A Paris court on Monday found three former French government officials and three others guilty on charges involving millions of euros in kickbacks from arms sales to Pakistan and Saudi Arabia signed in 1994.
The court handed the men prison sentences of two to five years over the so-called “Karachi affair” which has dogged former prime minister Edouard Balladur, facing trial on charges he used the kickbacks to help fund his failed 1995 presidential bid.
They were the first convictions to emerge after more than a quarter-century of investigations named after the Pakistani city where a bus carrying French defence engineers was blown up in 2002, killing 15 people.
Al Qaeda was initially suspected of the attack, but the focus later shifted to the arms deals on suspicions the bombing may have been in retaliation for non-payment of promised bribes.
The three former aides are Nicolas Bazire, Balladur’s former campaign manager; Renaud Donnedieu de Vabres, a former adviser to his defence minister Francois Leotard; and Thierry Gaubert, a former aide to then budget minister Nicolas Sarkozy who became president in 2007.
Bazire and Donnedieu de Vabres were sentenced to three years in prison, with the court saying Bazire “knew perfectly well” that 10.25 million francs (nearly 1.6 million euros) from dubious sources had landed in Balladur’s campaign accounts.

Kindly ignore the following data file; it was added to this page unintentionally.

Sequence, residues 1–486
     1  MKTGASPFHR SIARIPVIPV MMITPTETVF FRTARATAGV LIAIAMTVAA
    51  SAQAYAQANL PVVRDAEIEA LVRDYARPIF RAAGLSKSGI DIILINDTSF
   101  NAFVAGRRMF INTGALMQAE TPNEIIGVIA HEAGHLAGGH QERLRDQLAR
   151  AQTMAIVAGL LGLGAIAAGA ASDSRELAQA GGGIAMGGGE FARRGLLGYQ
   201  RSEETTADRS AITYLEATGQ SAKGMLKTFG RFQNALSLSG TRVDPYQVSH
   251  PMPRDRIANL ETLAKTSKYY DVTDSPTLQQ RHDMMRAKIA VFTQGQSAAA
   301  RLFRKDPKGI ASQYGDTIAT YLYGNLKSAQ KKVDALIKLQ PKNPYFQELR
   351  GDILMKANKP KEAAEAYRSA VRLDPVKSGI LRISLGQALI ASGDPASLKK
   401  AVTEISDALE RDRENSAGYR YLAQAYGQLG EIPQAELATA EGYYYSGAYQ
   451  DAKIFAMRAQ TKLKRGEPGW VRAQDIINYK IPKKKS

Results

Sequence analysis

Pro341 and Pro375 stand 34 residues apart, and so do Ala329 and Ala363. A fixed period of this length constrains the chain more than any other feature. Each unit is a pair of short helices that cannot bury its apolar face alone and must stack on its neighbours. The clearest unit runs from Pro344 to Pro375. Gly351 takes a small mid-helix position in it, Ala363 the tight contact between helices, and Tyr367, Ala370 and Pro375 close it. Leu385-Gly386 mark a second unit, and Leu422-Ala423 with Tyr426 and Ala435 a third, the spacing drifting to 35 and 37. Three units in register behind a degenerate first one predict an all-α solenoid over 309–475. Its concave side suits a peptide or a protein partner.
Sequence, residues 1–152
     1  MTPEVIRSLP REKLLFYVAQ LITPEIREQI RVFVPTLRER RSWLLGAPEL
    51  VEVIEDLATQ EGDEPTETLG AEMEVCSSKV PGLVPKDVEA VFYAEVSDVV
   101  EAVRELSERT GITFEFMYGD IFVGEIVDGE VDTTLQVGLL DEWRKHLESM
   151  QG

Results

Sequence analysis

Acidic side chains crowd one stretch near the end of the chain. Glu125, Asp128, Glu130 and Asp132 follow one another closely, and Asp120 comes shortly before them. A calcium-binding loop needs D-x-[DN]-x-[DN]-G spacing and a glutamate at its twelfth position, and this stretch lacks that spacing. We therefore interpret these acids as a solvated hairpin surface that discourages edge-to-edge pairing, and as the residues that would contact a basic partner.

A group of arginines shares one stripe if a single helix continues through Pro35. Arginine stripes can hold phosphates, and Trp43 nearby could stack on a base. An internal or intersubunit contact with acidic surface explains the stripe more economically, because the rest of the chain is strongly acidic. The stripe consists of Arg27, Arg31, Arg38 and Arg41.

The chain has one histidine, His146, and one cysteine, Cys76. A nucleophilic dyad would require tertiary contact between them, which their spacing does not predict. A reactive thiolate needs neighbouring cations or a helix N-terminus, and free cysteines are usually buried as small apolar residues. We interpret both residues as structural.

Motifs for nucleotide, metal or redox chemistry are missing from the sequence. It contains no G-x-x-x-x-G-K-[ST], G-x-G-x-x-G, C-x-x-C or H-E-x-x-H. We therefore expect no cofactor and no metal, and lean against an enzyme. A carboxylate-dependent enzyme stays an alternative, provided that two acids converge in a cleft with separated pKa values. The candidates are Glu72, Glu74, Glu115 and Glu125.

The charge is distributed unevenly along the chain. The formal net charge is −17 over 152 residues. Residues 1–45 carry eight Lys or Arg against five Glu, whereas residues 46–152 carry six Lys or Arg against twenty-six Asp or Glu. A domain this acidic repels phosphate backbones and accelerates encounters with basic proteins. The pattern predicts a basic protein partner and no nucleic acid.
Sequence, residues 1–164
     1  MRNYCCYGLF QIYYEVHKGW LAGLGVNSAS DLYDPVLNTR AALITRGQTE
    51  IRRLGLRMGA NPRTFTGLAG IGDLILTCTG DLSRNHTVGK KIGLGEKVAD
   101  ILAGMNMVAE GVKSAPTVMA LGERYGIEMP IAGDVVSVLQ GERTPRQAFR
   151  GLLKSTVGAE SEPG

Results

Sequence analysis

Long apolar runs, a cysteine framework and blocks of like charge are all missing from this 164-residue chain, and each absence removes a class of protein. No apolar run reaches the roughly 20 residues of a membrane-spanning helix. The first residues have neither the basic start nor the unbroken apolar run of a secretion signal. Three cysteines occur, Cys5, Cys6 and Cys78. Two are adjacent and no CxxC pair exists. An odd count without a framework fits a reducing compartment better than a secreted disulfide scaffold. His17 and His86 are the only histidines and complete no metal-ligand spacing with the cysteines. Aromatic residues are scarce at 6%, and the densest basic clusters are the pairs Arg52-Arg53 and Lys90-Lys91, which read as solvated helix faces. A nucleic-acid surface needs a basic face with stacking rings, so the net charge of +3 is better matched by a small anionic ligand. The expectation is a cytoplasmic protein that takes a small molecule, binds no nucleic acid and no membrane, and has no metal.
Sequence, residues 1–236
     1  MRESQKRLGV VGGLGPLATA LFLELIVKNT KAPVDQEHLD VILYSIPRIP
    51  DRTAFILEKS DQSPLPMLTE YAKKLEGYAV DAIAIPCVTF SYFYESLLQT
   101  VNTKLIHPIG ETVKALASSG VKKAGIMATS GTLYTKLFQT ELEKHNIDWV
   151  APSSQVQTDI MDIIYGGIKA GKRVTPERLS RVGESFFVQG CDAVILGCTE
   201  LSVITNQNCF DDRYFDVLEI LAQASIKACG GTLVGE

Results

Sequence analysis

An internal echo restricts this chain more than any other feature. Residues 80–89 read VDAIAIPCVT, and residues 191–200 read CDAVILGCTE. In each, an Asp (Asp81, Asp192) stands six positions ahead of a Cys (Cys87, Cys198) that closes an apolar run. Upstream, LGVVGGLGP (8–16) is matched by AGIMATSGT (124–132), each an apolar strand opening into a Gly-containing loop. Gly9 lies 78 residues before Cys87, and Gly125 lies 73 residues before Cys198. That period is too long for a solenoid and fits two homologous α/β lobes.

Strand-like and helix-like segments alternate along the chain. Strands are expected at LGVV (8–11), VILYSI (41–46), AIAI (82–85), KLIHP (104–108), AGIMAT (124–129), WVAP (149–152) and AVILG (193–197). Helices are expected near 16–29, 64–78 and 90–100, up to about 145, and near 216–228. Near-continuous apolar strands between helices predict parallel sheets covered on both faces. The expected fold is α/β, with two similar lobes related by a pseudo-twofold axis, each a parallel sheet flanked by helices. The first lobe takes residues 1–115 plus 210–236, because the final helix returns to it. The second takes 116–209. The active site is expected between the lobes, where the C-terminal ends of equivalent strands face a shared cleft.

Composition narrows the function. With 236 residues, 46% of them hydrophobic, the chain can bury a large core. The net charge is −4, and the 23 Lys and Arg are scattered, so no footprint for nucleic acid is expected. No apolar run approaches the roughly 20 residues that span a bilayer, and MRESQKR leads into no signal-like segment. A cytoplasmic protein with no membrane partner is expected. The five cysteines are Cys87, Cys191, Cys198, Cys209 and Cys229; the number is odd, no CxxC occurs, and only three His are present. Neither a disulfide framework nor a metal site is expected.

Gaubert was handed a two-year sentence, as was Dominique Castellan, a former head of the international division of French naval defence contractor DCN (since renamed Naval Group).
Two Lebanese middlemen who acted as go-betweens for the bribes and kickbacks, Ziad Takieddine and Abdul Rahman El-Assir, were sentenced to five years in prison.
The two refused to appear at trial and warrants have been issued for their arrest.
The others convicted said they would appeal the ruling, and remain free men until then.
Paying bribes on arms deals was common practice when Balladur’s government won contracts to sell submarines to Pakistan and frigates to Saudi Arabia in 1994.
Earning kickbacks on the deals, however, was banned.
Investigators suspect the French of having paid some 327m euros ($359m) in bribes to facilitate the deals, triggering some 13m euros in kickbacks.
The court said on Monday the officials knew of the “exorbitant commissions” paid in the deals, which constituted “an exceptionally grave threat to the public economic order, and to the confidence in the functioning of public affairs.” Balladur, 91, and Leotard, 78, have also been charged in the case.